BULLETIN

End of CMIRC's Initiative for Mae Tao Clinic's COVID-19 Relief, But The Need Continues


Both Thailand and Burma are currently experiencing severe epidemics of COVID-19, driven especially by new variants including the highly transmissible delta variant. Tak Province of Thailand, bordering Burma, is currently seeing relatively high numbers of cases daily. The current wave of COVID-19 in Mae Sot began in late June.

In order to quickly respond to the crisis, on June 28th, the Mae Tao Clinic became an official field hospital for the Mae Sot public health system, providing care infected individuals deemed low risk for developing complications or severe disease. Fortunately, the number of Covid-19 patients under their care has steadily declined in the past month. While MTC staff members are responsible for providing daily care, they work in partnership with medical staff of the Mae Sot Hospital and other Thai public health entities, closely monitoring patients for evidence of clinical deterioration and facilitating timely referrals if necessary. Since the beginning of the current wave in Mae Sot, the Mae Tao Clinic has served approximately 660 patients with COVID-19 who were referred from Mae Sot Hospital, are staff from MTC and partner organizations or are residents of the surrounding communities.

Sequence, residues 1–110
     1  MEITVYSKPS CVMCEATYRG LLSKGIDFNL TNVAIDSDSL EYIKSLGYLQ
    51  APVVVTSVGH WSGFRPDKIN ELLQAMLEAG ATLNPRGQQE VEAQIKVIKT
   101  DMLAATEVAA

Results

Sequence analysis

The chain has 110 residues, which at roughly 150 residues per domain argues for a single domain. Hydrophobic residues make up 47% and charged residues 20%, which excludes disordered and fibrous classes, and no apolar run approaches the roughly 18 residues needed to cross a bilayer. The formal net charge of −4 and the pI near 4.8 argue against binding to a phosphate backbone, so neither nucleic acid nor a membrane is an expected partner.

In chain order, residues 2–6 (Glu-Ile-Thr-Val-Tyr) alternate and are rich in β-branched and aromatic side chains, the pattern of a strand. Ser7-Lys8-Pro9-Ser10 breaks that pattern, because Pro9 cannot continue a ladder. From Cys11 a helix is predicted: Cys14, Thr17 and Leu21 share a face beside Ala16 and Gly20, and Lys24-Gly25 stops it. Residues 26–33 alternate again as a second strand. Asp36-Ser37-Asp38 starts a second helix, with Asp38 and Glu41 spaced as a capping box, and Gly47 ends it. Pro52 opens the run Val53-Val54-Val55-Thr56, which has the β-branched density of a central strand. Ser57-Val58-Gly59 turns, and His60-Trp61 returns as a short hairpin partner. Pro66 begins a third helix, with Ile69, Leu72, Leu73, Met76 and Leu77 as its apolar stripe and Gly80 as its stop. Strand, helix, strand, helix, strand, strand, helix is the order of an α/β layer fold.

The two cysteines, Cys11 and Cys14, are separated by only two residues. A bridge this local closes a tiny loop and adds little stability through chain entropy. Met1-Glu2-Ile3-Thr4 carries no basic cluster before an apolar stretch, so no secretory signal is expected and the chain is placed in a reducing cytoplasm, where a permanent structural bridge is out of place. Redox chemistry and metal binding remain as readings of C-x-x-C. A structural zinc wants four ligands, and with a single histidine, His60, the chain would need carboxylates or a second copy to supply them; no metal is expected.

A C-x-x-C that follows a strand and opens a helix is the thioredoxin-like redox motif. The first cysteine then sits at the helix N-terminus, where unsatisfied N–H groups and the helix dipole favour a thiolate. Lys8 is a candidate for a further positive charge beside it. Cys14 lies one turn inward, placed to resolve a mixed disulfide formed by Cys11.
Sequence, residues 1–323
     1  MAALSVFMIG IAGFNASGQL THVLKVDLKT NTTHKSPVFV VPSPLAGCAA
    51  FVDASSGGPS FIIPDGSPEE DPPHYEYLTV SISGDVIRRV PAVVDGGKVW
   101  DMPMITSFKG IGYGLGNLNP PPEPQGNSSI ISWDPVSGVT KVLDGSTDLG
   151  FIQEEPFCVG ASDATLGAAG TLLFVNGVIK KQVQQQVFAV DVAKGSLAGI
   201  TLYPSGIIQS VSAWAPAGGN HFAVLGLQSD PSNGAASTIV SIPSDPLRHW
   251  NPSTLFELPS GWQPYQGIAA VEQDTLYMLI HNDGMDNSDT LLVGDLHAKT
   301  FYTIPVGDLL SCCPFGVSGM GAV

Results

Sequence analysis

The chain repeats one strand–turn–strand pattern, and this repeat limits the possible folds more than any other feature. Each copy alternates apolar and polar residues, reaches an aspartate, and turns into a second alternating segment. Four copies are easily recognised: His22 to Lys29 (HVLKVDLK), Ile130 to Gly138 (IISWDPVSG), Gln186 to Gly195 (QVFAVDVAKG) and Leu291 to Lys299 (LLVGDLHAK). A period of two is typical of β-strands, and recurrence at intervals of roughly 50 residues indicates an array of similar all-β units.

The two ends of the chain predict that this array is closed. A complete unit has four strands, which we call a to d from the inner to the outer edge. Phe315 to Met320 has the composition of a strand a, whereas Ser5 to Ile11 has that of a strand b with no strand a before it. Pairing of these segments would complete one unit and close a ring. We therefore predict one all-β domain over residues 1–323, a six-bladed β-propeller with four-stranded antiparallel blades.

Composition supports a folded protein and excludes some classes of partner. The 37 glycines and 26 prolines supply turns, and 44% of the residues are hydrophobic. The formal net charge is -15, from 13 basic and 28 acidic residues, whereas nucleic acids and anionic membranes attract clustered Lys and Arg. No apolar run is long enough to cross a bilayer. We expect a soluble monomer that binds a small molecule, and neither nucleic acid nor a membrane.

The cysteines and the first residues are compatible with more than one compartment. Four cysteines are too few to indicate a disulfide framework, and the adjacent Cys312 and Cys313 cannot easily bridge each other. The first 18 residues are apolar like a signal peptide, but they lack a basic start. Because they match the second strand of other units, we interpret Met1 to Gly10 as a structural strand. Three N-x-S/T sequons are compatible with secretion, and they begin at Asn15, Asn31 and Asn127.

Amazingly, despite the increased strain on the staff at MTC, they realized the need for non-COVID-19 related services for their client population, particularly for maternal and child health services. In August MTC resumed care for expectant migrant women, many of whom would otherwise face multiple challenges in accessing essential maternal and child healthcare. In addition, in order that interruptions to essential child preventive health care be minimized, immunizations for women and children were resumed in August. This is an important development since children born at MTC receive a Thai birth certificate, entitling them to education and health care in Thailand, important rights that would otherwise be denied to stateless people.

In September, MTC resumed adult outpatient services and was designated as a Covid-19 vaccination site for the migrant community.

The document goes on to list the types of items needed for those who wish to donate goods, bank accounts, and who to contact for additional information.

To provide perspective, in general, in Thailand once someone tests positive for Covid, even if they do not have symptoms, they are required to quarantine in a "field hospital" set up to manage patients who have low to medium symptoms. This is to prevent them from returning to their homes, usually crowded multi-generational households where they can infect the elderly. This explains why the "household contact" category had such a high infection rate; presumably it has a high proportion of older people.

However, the Thai government does not routinely provide much support such as food, toiletries, bedding, etc to field hospitals, especially those serving minorities, migrants and aliens. Thus Mae Tao Clinic very much needs assistance at this time.

Recently, the Board of CMIRC voted to contribute 50,000 baht from the General Fund of the club to MTC and CMIRC members and friends have contributed 75,000. Thus, 125,000 baht has already been sent to MTC.